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In a pair of tweets late Wednesday night, President Trump said that he would not give the State of the Union address until after the government shutdown ends, and that he is not "looking for an alternative venue."

As the Shutdown was going on, Nancy Pelosi asked me to give the State of the Union Address. I agreed. She then changed her mind because of the Shutdown, suggesting a later date. This is her prerogative - I will do the Address when the Shutdown is over. I am not looking for an alternative venue for the SOTU Address because there is no venue that can compete with the history, tradition and importance of the House Chamber. I look forward to giving a “great” State of the Union Address in the near future!

The backdrop: House Speaker Nancy Pelosi sent Trump a letter Wednesday stating that the House "will not consider a resolution authorizing the President's State of the Union in the House Chamber until the government has opened." Trump said earlier at the White House that he would come up with another plan, but is now opting to wait to give the address until the shutdown over funding for his border wall — now 33 days old — is over.

Pelosi later responded to Trump's statement with a tweet of her own:

Mr. President, I hope by saying “near future” you mean you will support the House-passed package to #EndTheShutdown that the Senate will vote on tomorrow. Please accept this proposal so we can re-open government, repay our federal workers and then negotiate our differences.

What's next: The Senate is expected to vote on dueling proposals to reopen the government on Thursday: one with $5.7 billion for a border wall, and one without. Neither is expected to pass.

Go deeper

Justice Department drops insider trading inquiry against Sen. Richard Burr

Sen. Richard Burr (R-N.C.) walking through the Senate Subway in the U.S. Capitol in December 2020. Photo: Stefani Reynolds/Getty Images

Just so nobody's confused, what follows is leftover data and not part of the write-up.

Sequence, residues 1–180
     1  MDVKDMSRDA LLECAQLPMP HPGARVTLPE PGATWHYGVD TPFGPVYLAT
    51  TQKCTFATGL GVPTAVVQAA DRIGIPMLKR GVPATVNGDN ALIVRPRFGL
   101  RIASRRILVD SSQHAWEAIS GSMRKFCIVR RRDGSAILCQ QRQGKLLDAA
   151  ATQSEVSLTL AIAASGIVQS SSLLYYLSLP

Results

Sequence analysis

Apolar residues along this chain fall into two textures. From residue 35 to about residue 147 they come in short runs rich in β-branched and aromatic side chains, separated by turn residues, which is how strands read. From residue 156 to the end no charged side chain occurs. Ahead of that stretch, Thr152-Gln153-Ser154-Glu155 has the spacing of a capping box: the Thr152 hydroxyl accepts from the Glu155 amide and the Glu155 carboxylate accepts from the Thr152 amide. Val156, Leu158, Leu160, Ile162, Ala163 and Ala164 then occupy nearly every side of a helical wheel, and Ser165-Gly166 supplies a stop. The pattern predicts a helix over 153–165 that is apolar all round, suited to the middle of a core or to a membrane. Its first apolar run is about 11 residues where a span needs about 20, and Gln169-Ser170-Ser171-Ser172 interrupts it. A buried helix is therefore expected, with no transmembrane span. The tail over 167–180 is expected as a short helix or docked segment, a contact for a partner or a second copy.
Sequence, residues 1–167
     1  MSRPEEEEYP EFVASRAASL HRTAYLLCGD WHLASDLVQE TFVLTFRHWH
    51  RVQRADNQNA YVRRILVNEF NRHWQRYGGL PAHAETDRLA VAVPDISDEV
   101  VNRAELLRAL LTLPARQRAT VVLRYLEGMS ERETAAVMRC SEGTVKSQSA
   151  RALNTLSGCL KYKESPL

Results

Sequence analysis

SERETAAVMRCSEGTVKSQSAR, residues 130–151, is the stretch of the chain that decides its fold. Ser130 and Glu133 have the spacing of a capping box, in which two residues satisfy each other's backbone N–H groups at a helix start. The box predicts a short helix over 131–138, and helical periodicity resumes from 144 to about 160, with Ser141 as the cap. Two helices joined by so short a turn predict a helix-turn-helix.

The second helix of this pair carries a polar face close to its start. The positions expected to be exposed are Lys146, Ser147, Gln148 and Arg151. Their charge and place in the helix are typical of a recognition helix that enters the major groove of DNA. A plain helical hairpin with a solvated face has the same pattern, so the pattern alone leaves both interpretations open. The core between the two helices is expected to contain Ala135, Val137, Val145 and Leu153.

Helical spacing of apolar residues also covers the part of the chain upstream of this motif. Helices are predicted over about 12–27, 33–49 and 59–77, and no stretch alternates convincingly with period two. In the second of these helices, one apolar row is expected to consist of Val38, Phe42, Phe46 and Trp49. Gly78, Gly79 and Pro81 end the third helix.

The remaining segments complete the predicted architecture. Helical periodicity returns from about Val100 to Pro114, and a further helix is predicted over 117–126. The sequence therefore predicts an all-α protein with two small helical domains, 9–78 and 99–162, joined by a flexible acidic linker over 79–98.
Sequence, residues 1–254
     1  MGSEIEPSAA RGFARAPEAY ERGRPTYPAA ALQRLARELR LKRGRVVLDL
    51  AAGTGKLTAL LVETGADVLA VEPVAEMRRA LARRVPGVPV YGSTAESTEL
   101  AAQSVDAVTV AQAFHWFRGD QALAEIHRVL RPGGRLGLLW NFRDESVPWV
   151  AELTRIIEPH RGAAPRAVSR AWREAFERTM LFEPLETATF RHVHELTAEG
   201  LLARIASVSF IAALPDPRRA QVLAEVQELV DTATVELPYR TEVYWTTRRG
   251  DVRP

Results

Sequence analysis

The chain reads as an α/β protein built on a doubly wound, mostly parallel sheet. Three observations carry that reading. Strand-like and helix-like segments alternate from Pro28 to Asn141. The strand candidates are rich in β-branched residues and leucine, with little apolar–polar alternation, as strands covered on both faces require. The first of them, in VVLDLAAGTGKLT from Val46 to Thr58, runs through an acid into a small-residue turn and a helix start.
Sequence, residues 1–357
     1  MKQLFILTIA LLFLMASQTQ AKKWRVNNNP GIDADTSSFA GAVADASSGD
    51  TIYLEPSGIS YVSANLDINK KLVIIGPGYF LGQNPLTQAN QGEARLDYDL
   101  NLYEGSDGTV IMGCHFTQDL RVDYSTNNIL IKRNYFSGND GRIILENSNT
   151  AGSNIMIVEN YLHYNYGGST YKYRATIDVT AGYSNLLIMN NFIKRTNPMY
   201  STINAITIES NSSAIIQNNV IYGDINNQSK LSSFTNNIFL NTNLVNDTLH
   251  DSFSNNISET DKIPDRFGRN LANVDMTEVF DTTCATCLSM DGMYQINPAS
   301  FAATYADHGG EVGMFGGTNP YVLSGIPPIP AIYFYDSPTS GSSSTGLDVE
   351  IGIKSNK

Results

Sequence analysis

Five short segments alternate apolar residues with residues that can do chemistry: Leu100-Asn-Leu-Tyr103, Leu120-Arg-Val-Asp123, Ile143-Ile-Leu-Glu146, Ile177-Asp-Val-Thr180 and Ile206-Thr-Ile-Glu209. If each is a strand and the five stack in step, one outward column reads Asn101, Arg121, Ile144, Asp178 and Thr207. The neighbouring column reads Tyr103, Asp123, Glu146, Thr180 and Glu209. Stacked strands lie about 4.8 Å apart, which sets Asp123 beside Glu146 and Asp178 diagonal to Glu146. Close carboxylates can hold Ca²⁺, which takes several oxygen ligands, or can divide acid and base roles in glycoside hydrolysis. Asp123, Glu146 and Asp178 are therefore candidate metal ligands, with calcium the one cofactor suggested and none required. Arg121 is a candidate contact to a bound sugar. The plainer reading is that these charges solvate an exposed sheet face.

The Department of Justice told Sen. Richard Burr (R-N.C.) on Tuesday that it will not move forward with insider trading charges against him.

Why it matters: The decision, first reported by the New York Times, effectively ends the DOJ's investigation into the senator's stock sell-off that occurred after multiple lawmakers were briefed about the coronavirus' potential economic toll. Burr subsequently stepped down as chair of the Senate Intelligence Committee.

Netflix tops 200 million global subscribers

Illustration: Rebecca Zisser/Axios

Netflix said that it added another 8.5 million global subscribers last quarter, bringing its total number of paid subscribers globally to more than 200 million.

The big picture: Positive fourth-quarter results show Netflix's resiliency, despite increased competition and pandemic-related production headwinds.

Janet Yellen plays down debt, tax hike concerns in confirmation hearing

Treasury Secretary nominee Janet Yellen at an event in December. Photo: Alex Wong via Getty Images

Janet Yellen, Biden's pick to lead the Treasury Department, pushed back against two key concerns from Republican senators at her confirmation hearing on Tuesday: the country's debt and the incoming administration's plans to eventually raise taxes.

Driving the news: Yellen — who's expected to win confirmation — said spending big now will prevent the U.S. from having to dig out of a deeper hole later. She also said the Biden administration's priority right now is coronavirus relief, not raising taxes.